Gig economy players like Upwork and Uber are disrupting economies, communities and most importantly, history. Here's why companies need to invest in the gig economy now.
The first industrial revolution introduced the steam engine. The second harnessed the power of coal, and the third was brought about by the internet.
Today, we live in the fourth Industrial Revolution, one powered by the gig economy, which is disrupting how we work, who we work with and where work from, forever.
If you've ever rented your apartment through Airbnb, freelanced as a web developer or driven in an Uber, you’re part of the "gig economy." The definition of a gig economy is an environment in which temporary positions are common, and organizations contract with independent workers for short-term engagements. Ninety-four percent of the job growth over the past five years is a result of alternatives careers made possible by the gig economy.
When coupled with artificial intelligence, the gig economy will quickly evolve into a corporate norm in every industry vertical and consumer experience. Whether it be virtual reality offices in the future or completely remote billion dollar companies, the way we work has one-way ticket to disruption.
The gig economy shows no sign of stopping, so companies that want to keep up need to start investing in it now, if they haven't already. Here are five reasons to get on board with this trend:
1. The Information Age has birthed an entirely mobile generation.
Now more work than ever can be done with the help of a singular device from around the world - whether it be financial bloggers writing from their laptops, or sales consultants traveling across the world or viral YouTubers earning money from sharing makeup tutorials and game footage clips.
2. Millennials and Gen Z are more interested in flexibility and balance.
Instead for striving for jobs that bring personal satisfaction and stability, the younger generation of millennials prioritize flexibility and a good work-life balance. Over 51 percent of millennials believing that working remotely could positively impact performance and productivity.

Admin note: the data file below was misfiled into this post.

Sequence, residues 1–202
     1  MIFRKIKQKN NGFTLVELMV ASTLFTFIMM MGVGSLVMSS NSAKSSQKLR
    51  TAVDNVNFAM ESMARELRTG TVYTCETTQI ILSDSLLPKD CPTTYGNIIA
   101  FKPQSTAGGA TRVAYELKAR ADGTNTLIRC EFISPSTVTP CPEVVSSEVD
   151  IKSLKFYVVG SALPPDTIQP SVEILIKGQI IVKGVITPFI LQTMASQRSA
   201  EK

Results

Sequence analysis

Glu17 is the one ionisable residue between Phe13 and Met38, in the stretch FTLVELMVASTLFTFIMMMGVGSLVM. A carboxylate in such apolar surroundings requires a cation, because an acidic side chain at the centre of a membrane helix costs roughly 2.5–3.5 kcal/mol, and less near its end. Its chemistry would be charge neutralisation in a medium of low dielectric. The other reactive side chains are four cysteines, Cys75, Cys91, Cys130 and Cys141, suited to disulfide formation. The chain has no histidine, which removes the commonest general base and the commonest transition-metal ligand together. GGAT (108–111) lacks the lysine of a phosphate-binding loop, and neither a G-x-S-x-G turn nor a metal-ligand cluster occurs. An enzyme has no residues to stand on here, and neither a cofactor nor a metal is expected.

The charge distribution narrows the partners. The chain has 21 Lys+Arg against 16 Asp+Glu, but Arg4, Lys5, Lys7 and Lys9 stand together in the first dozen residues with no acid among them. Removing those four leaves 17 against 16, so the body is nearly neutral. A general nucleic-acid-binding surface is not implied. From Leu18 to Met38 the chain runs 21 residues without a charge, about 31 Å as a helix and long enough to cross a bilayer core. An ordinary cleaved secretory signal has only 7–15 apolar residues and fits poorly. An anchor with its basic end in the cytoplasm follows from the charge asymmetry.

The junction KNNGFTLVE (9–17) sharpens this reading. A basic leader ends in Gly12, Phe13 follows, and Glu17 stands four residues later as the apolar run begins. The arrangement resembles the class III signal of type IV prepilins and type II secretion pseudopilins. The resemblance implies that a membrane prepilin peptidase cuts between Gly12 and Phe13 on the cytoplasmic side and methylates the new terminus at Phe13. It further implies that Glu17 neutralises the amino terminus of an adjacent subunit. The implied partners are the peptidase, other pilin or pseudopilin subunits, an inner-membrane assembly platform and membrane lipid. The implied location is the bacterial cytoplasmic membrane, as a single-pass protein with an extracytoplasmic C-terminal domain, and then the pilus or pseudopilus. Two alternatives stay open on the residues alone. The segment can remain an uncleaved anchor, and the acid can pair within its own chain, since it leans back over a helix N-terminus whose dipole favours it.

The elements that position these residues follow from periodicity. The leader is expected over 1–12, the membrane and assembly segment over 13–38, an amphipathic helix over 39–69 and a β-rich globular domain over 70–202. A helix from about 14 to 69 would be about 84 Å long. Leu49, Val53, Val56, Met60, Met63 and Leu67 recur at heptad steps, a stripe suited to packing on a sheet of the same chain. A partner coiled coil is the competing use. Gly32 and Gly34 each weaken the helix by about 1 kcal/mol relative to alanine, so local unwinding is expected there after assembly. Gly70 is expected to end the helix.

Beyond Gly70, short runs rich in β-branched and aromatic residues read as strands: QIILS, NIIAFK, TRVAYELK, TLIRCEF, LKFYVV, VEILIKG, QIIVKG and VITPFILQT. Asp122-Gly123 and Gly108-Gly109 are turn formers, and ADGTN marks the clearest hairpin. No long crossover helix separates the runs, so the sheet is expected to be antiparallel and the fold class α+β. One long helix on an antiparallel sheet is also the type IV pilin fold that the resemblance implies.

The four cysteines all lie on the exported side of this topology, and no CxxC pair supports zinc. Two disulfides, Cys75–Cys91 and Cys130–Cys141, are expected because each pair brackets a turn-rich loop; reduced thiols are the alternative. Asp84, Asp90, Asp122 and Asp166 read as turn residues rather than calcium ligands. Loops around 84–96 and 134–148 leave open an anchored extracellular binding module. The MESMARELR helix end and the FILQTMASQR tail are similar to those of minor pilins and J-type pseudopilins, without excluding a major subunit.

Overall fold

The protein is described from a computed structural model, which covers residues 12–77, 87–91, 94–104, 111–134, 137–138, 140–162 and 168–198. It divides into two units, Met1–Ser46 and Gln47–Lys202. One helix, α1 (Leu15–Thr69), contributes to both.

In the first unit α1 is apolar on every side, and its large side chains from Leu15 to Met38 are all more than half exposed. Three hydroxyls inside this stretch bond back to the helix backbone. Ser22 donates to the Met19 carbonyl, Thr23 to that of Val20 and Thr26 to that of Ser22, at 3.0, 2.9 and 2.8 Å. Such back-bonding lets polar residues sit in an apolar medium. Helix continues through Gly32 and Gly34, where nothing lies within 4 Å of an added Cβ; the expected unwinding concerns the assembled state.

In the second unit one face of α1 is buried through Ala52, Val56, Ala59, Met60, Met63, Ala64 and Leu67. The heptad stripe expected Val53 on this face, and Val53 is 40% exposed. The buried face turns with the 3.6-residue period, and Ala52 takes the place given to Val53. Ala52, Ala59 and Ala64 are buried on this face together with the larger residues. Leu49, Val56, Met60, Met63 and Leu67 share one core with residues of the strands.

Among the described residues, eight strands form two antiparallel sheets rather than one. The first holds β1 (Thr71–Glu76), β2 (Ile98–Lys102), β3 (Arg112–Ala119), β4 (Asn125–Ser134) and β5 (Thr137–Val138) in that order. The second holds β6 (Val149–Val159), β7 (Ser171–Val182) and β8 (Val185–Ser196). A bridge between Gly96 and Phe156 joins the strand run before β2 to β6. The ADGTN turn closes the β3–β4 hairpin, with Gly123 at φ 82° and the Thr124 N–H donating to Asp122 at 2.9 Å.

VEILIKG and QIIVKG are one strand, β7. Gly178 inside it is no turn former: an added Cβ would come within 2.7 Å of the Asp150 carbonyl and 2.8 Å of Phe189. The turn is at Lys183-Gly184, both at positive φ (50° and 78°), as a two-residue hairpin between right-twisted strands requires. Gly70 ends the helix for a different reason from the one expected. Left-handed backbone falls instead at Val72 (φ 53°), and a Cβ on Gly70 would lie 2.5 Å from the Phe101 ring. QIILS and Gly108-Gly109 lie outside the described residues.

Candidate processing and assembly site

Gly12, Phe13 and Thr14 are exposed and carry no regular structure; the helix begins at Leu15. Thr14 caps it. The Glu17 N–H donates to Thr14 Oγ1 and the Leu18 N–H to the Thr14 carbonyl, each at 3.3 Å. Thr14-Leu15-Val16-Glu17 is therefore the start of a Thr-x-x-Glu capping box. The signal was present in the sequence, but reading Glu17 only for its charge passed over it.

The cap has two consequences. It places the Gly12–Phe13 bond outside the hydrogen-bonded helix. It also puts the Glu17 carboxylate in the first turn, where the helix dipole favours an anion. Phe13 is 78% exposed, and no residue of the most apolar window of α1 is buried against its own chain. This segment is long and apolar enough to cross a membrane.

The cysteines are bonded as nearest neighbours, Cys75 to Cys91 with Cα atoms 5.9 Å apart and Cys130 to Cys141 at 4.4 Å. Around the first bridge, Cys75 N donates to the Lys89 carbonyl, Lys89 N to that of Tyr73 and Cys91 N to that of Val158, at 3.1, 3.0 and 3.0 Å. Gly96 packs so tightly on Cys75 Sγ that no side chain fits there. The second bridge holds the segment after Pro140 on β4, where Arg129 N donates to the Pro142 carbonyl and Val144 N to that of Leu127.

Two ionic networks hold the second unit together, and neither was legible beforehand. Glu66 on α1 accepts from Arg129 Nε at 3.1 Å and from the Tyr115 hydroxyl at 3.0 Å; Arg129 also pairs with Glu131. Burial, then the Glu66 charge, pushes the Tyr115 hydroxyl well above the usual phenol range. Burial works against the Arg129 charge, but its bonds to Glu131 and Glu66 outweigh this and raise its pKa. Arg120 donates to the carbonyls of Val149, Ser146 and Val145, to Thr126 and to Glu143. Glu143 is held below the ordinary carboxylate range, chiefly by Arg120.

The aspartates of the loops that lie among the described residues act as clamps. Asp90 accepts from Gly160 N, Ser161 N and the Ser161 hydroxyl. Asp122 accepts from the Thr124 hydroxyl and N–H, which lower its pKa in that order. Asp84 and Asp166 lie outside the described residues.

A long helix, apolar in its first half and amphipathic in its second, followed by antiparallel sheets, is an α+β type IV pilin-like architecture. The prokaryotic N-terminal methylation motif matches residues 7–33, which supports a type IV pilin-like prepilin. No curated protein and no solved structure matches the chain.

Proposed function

3. The Gig Economy makes more financial sense for companies for almost all short term projects.
Contract workers have allowed firms to save money in order to avoid the costly benefits that a traditional full-time employee must receive. On the off chance that there's no work necessary, they simply don't enlist any freelancers – sparing the cash they would have spent on a full-time employee.
4. The modern gig economy is built to enable equality and access on a global level.
For most of history, exchanging wealth for services from a country on one side of the world to a country on another side of the world was nearly impossible. Global internet access and gig economy platforms have turned the once impossible into a reality. Think about the following: developers, coders, and authors in countries like Indonesia or Philippines now have the ability to tap into western developer salaries, nearly five to 10 times their local salaries, through the gig economy.
Today, the gig economy through platforms like Upwork, Uber or even private gig economy services like DesignPickle afford startups and modern businesses the nimbleness to quickly execute on necessary tasks within a company, without an in-house team.
These same businesses can quickly upsize their company and downsize their company to effectively use capital without the baggage of broken feelings, disgruntled employees and equity allocation. These gig economy players are not just disrupting economies and communities; they are disrupting history.